Written by Panorama resident, Sandy Bush. September 2019
It has been a fast-moving month here at Panorama. We are heading lickety-split into September. Some trees seem to be turning color early, especially in some of our hiking trips away from home.
The month has been full of animal happenings. We witnessed an eagle taking a bunny out on Golf Club Road on our eastern boundary. Meanwhile, I have been attending the summer lecture series at Nisqually Refuge every Wednesday evening and one night we had an overview of wolves in Washington.
What prompted this writing about wildlife was the fact that as I was driving friends home from our outing to Nisqually, a large coyote walked down the street I was turning onto. It was also where I had to walk after parking our vehicle. I took my hiking pole with the protective rubber cup off the bottom and headed for home. I figured that if it was lurking and watching me, I’d be ready to at least pound it across the snout, if not just jab it. I know, me the animal lover…..well….It was helpful to learn from the wolf evening lecture that wolves are really best suited to a woodsy habitat away from humans. Coyotes have become adapted to living within city limits and do very well in the urban interface. First People have always looked at coyotes as tricksters and very wily. Suffice it to say, I got home without another sighting.
What amazed me was the good condition of this animal. The one I had seen a month earlier in a friend’s backyard a few blocks away was leaner, smaller and obviously in the middle of a molt, looking very scraggly. The one in our neighborhood looked wonderfully fit.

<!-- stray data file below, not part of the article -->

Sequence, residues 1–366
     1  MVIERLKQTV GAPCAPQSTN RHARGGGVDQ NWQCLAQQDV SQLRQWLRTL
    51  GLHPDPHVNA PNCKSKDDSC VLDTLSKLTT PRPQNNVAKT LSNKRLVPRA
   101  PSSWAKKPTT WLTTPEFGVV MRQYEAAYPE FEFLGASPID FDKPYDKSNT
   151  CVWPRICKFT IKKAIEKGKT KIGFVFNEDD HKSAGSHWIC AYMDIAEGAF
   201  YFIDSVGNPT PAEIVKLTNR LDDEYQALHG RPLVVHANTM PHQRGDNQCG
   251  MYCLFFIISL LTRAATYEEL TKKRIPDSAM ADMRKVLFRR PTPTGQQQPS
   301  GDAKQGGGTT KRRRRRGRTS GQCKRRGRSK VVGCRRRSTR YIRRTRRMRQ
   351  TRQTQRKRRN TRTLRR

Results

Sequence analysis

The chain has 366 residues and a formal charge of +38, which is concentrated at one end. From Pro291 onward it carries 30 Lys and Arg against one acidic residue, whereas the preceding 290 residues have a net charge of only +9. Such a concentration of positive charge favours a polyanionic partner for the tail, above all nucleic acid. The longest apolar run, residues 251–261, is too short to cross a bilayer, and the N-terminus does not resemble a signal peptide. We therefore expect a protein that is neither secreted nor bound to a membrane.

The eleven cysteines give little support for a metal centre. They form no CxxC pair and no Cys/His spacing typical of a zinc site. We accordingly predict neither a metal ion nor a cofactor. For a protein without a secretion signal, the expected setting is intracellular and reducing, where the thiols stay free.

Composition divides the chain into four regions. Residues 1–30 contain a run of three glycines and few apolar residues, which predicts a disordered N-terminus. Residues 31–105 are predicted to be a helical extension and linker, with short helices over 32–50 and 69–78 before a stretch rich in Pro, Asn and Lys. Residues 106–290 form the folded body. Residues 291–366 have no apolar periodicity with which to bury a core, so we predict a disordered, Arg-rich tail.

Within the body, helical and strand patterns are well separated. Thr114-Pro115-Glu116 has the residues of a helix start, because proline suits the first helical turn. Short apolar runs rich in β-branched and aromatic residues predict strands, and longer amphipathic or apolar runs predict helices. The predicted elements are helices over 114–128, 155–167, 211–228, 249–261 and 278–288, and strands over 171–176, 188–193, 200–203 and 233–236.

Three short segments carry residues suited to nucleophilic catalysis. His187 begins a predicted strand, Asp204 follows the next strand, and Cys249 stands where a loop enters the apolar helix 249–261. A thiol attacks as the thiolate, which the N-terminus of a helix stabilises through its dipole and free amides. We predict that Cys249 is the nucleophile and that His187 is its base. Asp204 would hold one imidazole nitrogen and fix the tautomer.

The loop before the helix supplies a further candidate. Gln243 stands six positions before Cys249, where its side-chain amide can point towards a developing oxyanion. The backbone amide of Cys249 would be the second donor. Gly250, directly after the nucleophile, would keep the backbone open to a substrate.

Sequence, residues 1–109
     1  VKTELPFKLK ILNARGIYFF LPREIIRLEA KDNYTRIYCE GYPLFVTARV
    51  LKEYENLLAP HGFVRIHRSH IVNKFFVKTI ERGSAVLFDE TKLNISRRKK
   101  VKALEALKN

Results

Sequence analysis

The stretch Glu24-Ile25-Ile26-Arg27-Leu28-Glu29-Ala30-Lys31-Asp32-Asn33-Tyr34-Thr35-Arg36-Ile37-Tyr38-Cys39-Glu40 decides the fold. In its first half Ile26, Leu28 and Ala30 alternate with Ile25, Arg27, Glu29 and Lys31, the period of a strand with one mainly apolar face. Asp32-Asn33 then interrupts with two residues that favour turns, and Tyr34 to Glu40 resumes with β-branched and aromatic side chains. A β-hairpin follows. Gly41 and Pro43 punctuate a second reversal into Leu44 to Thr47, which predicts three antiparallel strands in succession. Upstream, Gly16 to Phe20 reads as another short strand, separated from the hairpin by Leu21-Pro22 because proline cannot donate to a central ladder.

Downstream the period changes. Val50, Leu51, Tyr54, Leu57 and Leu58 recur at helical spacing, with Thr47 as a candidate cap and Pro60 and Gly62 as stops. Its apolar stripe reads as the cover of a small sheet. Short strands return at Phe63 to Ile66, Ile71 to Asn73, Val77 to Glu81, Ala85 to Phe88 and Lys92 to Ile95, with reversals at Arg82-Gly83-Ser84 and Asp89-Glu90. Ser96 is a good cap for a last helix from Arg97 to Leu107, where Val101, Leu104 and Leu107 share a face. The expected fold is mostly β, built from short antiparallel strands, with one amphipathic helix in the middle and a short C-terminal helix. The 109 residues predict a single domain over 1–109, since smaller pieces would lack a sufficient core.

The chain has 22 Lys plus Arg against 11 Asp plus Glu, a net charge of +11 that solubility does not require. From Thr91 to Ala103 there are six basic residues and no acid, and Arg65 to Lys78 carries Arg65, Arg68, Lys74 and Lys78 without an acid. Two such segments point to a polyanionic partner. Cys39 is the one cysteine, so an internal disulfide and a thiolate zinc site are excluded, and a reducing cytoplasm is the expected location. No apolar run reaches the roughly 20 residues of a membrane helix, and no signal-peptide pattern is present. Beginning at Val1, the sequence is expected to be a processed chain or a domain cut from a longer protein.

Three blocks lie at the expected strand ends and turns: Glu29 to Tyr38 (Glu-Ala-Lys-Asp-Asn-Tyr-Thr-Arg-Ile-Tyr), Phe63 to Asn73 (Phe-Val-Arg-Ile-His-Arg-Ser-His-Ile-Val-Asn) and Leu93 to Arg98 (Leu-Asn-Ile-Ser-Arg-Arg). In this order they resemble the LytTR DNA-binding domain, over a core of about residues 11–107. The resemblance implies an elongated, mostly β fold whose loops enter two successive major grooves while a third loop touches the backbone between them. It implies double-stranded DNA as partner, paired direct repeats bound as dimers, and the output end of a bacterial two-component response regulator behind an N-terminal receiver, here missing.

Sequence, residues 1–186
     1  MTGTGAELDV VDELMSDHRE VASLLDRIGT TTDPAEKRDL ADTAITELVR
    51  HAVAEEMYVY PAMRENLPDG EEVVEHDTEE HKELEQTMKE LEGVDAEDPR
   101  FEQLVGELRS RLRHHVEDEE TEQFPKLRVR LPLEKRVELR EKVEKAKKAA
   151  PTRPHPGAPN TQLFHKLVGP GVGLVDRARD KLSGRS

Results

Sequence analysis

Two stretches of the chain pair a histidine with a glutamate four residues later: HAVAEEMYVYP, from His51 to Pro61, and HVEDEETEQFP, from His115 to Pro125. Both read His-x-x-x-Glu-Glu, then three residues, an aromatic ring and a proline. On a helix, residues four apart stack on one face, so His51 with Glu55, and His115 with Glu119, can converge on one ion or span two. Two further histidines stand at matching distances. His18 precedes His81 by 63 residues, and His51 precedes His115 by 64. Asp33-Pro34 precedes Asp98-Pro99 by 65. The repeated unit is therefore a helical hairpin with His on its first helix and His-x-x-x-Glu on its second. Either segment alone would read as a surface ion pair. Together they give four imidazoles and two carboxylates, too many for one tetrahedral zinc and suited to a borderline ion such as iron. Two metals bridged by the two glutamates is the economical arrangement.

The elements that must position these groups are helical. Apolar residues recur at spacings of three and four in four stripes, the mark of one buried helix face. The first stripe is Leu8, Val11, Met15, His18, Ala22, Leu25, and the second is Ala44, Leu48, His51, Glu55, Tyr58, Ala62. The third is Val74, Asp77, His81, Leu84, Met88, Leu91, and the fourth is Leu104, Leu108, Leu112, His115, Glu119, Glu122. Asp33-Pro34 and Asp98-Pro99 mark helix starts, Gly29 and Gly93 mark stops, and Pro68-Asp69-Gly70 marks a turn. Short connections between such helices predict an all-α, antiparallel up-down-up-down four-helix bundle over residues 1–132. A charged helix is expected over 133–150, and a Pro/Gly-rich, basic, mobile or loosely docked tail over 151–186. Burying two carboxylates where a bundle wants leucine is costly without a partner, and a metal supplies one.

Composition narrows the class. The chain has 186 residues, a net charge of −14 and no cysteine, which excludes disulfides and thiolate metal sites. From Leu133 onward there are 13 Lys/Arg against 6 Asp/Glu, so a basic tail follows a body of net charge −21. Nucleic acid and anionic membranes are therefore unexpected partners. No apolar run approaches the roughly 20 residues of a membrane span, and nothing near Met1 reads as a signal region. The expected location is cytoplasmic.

Now someone on foot as tall as I am would never be approached, I assume. But a friend with a small dog on a leash (and we have so many wonderful little dogs as family members here in Panorama) has been followed by one or two coyotes on occasion. The “dog people” have been alerted about carrying rattling cans to scare a coyote off with the noise. I refer to these people affectionately as I consider myself a “cat person.”
This may alarm some folks, but I think it is a privilege to be able to live among the wild things. A doe and some fawns have been seen in our backyard and perhaps just moving away from a predator. The Chehalis Trail is our western boundary here at Panorama, and there is a fair amount of wildlife traffic over by Chambers Lake at our southern boundary.
It is one thing to enjoy wildlife on the outings and hiking trips offered to us, but it is totally another to experience some wildness right here in our neighborhoods. The seasons are changing and the coyotes and deer are finding it time to disperse to other regions. I am hoping we can give them the space they need to flourish, but not on our little family members!!! Be alert and enjoy!